Actually, Okorocha himself said as much. In the face of public fury at the seeming prodigal nepotism, he said the impact of the new ministry would confound critics. “At the end of the day, the achievements of the new Ministry of Happiness and Purpose Fulfillment will be so amazing that critics of the initiative will not only be shocked, but will also regret to have drawn the curtain (against) the new ministry even before it takes off,” his spokesman said in a statement.
The governor acknowledged the confidence crisis spilling over from his recent unveiling of South African President Jacob Zuma’s statue, to which N520million price tag was attached. He insisted though that Zuma deserved the controversial honour. “The criticisms that greeted (the) Zuma statue were all anchored on corruption allegations against the South African President. Yet, the fact remains the man is still the president of that country. He has neither been sentenced to imprisonment nor impeached as president following these corruption claims,” the government statement added.
But if you take the Imo doctrine as scripture, Zuma could well be the proverbial prophet without honour in his home. Because only last week, the embattled leader lost two court cases linking him to corruption in one day. Pretoria’s high court ordered him to raise a judicial inquiry into graft charges against him, calling the president “seriously reckless” for challenging recommendations to that effect by the country’s watchdog. In another suit, the judge ruled that he abused judicial processes by trying to block a report linking him to corruption, and ordered him to pay the legal fees out of his own pocket.
Ololo’s throwback to global precedents in justifying her new brief gets quite instructive upon scrutiny. “Let me educate Nigerians on this, for those lacking ignorance (sic). United Arab Emirates has ministers of happiness and they are ahead of us,” she had tweeted.
True, the UAE is the first and only Arab nation thus far to cite citizens’ happiness as a portfolio of government, naming a minister of state for happiness in February 2016. But it is moot that is the reason “they are ahead of us.” Leadership in the oil-rich country is relentlessly posterity-minded in developmental exertions and resource application – goals that seem helplessly a mirage in our clime. Isn’t Dubai a favourite playground for pleasure seekers, including Nigeria’s wealthy class? And the country isn’t letting up just yet. At the same time that he appointed a happiness minister, the UAE premier reformatted the Cabinet ministry to take on an additional brief for future strategies, thus becoming ‘Ministry of Cabinet Affairs and the Future’.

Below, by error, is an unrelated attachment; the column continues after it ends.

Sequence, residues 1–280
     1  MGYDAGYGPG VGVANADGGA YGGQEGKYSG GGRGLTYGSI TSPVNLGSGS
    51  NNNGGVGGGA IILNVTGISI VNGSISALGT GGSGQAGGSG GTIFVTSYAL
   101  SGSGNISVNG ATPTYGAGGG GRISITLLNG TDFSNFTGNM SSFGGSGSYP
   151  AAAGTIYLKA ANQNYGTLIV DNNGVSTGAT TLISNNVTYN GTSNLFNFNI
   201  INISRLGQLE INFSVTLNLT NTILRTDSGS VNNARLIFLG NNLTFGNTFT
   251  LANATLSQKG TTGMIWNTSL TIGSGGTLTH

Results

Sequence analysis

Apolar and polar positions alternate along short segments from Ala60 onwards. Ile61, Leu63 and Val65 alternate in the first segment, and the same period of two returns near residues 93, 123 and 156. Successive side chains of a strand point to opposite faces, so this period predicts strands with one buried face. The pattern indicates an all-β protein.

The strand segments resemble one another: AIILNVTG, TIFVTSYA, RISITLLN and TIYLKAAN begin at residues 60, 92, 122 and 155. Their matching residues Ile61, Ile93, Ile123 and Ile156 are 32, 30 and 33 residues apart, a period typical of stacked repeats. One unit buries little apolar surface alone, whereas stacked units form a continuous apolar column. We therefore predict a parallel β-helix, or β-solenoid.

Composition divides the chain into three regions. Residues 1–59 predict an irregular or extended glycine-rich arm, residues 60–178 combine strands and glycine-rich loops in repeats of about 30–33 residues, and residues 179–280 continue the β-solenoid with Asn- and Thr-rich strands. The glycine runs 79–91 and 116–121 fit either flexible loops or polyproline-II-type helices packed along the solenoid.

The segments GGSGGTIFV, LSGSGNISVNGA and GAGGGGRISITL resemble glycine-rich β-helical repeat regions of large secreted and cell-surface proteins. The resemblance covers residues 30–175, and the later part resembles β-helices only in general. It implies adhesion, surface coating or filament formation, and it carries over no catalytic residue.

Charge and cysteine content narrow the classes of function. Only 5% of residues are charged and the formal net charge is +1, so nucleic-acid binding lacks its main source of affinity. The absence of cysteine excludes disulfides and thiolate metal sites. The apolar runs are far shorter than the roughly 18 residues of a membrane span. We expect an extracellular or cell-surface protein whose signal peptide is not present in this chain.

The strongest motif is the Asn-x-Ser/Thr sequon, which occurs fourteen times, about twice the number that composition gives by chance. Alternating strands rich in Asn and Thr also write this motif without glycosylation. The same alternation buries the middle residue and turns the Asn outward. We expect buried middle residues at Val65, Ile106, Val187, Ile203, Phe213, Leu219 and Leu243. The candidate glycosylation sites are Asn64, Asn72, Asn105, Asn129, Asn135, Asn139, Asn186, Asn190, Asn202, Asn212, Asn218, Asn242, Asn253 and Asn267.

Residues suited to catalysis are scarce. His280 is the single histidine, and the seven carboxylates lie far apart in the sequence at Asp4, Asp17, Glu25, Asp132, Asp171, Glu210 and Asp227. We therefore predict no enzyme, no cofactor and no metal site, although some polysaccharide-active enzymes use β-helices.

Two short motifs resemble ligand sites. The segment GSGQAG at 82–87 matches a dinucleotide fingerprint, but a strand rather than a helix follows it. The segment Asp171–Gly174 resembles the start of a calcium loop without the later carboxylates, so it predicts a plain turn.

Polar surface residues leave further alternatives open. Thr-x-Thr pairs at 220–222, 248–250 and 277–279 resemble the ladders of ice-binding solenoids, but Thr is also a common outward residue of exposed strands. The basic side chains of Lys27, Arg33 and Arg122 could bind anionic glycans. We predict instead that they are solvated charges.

Even then, expectations from the UAE happiness minister have not been so clear-cut. In an interview with the Los Angeles Times sometime this year, Ohood Al Roumi said she gets strange requests like: ‘My parents won’t accept my marriage. Can you help convince them?’ or ‘I got a traffic ticket. Can you fix it?’ Sometimes it’s just a simple plea: ‘Please make us happy,’ the paper reported. What Roumi was clear about, though, were the obligations of government. “We have no intention as government to impose happiness, or mandate it, or force it. We’re just doing the right things for our people … so they can have a better life,” she reportedly said. If you look into Okorocha’s Imo, would you say you couldn’t see the ‘better life’ genie running lose?
There are a few other countries in the happiness race. Remote Himalayas kingdom of Bhutan enshrined the goal in Article 9 of its law and measures growth, not by the conventional gross domestic product (GDP) instrument but by gross national happiness (GNH) index. Venezuela in 2013 created a Supreme Social Happiness ministry. And just last week, the only Indian state with happiness ministry, the central state of Madhya Pradesh, declared the minister wanted for murder.
It isn’t very clear how much inspiration these parallels hold for Okorocha’s experiment. But Ndi Imo, Ndi Nigeria, a genius is at work. Let’s just be happy!